Block on Trump's Asylum Ban Upheld by Supreme Court
A damning lawsuit claims Uber had an Incident Response team with a very specific plan in place should law enforcement would raid its offices: shut down all the computers and encrypt them remotely. A former employee says he was charged with protecting the ride-sharing company's data from the prying eyes of the police:
"I would be called when governmental agencies raided Uber's offices due to concerns regarding noncompliance with governmental regulations," his lawsuit claims. "In those instances, Uber would lock down the office and immediately cut all connectivity so that law enforcement could not access Uber's information."
It's the Sound of the Police
Ward Spangenberg may just be a disgruntled former employee, but he at least appears to have a wealth of information on the inner workings of Uber data protection strategies. Spangenberg was Uber's in-house forensic investigator, and described his response to a 2015 raid on Uber's Montreal offices. Spangenberg claims he immediately encrypted the company's laptops remotely, blocking law enforcement access, and that this was standard operating procedure.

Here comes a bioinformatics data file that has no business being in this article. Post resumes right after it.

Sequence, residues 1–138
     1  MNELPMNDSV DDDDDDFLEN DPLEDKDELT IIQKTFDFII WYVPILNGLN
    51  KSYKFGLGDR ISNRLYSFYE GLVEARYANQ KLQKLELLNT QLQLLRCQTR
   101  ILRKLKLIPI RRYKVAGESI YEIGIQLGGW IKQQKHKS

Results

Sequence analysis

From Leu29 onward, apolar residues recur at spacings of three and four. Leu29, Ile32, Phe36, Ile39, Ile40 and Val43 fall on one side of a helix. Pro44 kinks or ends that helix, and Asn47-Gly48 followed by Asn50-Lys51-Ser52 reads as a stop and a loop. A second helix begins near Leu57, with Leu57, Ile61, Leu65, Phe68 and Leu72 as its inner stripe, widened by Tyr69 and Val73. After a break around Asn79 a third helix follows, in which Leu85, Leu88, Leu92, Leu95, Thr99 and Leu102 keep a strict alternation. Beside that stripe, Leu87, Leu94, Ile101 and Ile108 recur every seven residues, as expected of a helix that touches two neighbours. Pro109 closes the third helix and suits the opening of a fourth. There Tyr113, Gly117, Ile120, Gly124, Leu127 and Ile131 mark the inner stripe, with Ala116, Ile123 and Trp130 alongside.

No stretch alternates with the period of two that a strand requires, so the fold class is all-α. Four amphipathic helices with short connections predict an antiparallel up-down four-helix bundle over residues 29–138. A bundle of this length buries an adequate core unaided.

When Business Insider asked Uber to comment, the company responded:
"It's no secret that Uber has trip coordinates and other personally identifiable information about riders and drivers, and it's our obligation to protect that. We cooperate with authorities when they come to us with subpoenas."
While Uber was hiding information from the authorities, its employees were allegedly sharing rider data with each other. Another bombshell in Spangenberg's declaration alleges that employees were about to use the company's tracking system to monitor the whereabouts of "high profile politicians, celebrities, and even personal acquaintances," even helping ex-boyfriends stalk their ex-girlfriends. "When I was at the company," Spangenberg said, "you could stalk an ex or look up anyone's ride with the flimsiest of justifications. It didn't require anyone's approval."
Spangenberg is suing Uber for age discrimination, whistleblower retaliation, and defamation, and believes he was fired for trying to address the company's security lapses.